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kore wrote (edited )

These pieces are getting truly repetitive. There's so little actual substance. What does it look like to become "ungoverned by gender?" How do these ideas of "negativity" and "queer attack" manifest in your daily life?

I also want to point out that the author is pretty clearly supporting the notion of a "wild-domesticated" binary. no critical analysis of these categories (created by capitalism and patriarchy, the very things this author is trying to destroy) is presented by the author.

I for one do not see what is normally called "wild" or "the wilderness" as such. I see it as all there is, as normal. Even with all that capitalism and patriarchy has done to me, to how I see myself, that sense of the primacy of my connection with the Earth and every (non)living thing on it cannot be removed, and it is still what defines me. I am only because the Earth is.

A word like "ferocious" doesn't sit right with me because it's clearly referring to something like a wolf or lion, something that kills or is "violent." Wolves are not ferocious. They're animals that have evolved to kill other animals for food. That's the way it is. They're not fighting against anything, they're just being wolves. Capitalism, patriarchy, domestication (again, things that the author is trying to get rid of) are what (ahem) engendered "ferocity" and the "wild" in the first place.

even "the wilderness", being "wild", and "fierce" are being turned into positive identities under capitalism/neoliberalism! How can anyone who thinks about this for even a moment, let alone write several pieces about it not think about this?

This sort of thing becomes immediately clear when you're in a situation where non-human animals can take your life. Bears can easily kill a human. There's no violence in a survival situation for any animal, prey or predator, human or otherwise.

mortality should not be abstracted


Tequila_Wolf wrote

You've made me want to read this piece :) It sounds interesting to me because I'm quite a fan of baedan so that pretty much automatically makes me excited to see what is better than it.

That said, I don't do the pure nihilism thing because I think non-normative practices overcome the problems of creating positive projects (at least for now, since I suppose that capitalism can coopt everything).


kore wrote

I think the main problem I have with pieces like baedan is the implicit assumption that "society" is some monolithic entity. There are societies. Capitalism is trying to coopt them all, but there are still societies. This is the inescapable reality of our humanity, we have no choice but to as-soci-ate with each other.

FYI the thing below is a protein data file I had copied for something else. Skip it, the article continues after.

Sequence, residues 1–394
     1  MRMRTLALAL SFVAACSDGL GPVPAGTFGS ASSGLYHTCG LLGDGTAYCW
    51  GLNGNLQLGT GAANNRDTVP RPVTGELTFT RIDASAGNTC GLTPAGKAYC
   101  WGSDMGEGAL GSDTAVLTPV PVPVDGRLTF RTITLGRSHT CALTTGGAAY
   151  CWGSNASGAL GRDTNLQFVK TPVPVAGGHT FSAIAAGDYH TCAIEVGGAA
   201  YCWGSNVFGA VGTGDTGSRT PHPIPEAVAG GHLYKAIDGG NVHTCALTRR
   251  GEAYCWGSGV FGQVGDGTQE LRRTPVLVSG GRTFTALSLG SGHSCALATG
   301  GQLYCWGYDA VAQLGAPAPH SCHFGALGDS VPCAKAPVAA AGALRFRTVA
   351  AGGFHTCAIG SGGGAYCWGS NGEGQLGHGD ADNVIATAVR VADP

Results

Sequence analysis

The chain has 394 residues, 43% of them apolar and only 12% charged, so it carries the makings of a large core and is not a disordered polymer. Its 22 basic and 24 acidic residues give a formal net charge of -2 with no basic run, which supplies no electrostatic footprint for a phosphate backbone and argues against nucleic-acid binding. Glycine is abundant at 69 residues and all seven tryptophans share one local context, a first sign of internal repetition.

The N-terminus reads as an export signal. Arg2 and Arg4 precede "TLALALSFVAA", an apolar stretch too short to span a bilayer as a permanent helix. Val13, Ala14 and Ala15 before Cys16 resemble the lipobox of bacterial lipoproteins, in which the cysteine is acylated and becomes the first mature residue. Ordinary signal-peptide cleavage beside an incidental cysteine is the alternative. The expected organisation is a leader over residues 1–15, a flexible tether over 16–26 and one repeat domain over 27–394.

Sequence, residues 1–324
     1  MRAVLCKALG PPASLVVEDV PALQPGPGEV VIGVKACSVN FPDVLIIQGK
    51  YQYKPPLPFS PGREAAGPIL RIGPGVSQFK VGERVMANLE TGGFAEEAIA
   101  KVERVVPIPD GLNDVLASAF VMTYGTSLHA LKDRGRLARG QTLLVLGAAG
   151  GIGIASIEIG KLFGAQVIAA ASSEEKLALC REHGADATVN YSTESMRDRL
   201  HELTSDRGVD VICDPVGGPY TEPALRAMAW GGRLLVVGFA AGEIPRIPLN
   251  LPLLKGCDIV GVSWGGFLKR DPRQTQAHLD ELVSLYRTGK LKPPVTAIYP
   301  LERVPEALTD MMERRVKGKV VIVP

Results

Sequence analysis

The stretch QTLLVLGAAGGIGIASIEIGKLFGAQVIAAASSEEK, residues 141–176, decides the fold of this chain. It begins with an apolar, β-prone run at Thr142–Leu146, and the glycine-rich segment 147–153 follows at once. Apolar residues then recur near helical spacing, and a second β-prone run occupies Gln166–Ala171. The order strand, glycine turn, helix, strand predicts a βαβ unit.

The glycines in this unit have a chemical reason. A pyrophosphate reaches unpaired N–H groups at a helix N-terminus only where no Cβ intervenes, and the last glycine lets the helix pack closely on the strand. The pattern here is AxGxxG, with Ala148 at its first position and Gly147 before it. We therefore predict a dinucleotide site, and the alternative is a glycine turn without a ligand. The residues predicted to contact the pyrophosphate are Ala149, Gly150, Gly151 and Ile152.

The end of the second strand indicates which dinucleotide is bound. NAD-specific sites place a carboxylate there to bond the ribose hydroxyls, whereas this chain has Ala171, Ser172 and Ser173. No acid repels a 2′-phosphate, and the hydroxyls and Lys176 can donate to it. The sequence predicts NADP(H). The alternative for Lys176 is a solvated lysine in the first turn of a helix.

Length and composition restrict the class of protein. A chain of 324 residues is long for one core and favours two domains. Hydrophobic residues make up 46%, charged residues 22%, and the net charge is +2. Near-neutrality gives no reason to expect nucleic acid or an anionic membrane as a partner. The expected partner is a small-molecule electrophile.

In addition, these sorts of essays play into the definition of "criminality" and "decadence" created by capitalism. I could say that picking a berry off land that belongs to no-one and everyone and eating it is pretty "violent" against capitalism's insistence that people cannot provide for each other and must rely on corporations/the state. Giving it to someone else to eat is even more so. Spending an afternoon watching the world go by in the company of other animals feels particularly "decadent" in terms of capitalism, but I doubt that is what these essays are talking about.

It is only when these actions are framed as being something "violent" or "non-violent" (or any other set of terms) that they can be coopted by capitalism. When I called the things I mentioned by certain names, it was only to prove my point. Things like taking an afternoon for oneself, to do so-called "nothing" (again, a phrase defined by capitalism), are being coopted under capitalism under the umbrella of things like "self care." But I do not (or try not) to see these things as such. I see them as me doing what I'm doing and nothing more.

to me, everything that is being said in these sorts of pieces was simplified and articulated as well as symbolic thought allows by the Daoists. For example:

Under heaven all can see beauty as beauty only because there is ugliness. All can know good as good only because there is evil.

Therefore having and not having arise together. Difficult and easy complement each other. Long and short contrast each other: High and low rest upon each other; Voice and sound harmonize each other; Front and back follow one another.

Therefore the sage goes about doing nothing, teaching no-talking. The ten thousand things rise and fall without cease, Creating, yet not possessing. Working, yet not taking credit. Work is done, then forgotten. Therefore it lasts forever.

I just had this thought enter my mind: the daodejing is one of the ultimate "queer" texts.

The discussion of the "death drive" and also "jouissance" in baedan is similar to the idea of the "Dao" or the "Way" being unnameable and ungraspable.

I should probably write an essay about this instead of just spouting off in scattered raddle comments, so I will hold my tongue for now ;)


Tequila_Wolf wrote (edited )

Yeah I'd read an essay you put together, hopefully you do. I'd like to see some of these things more fleshed out.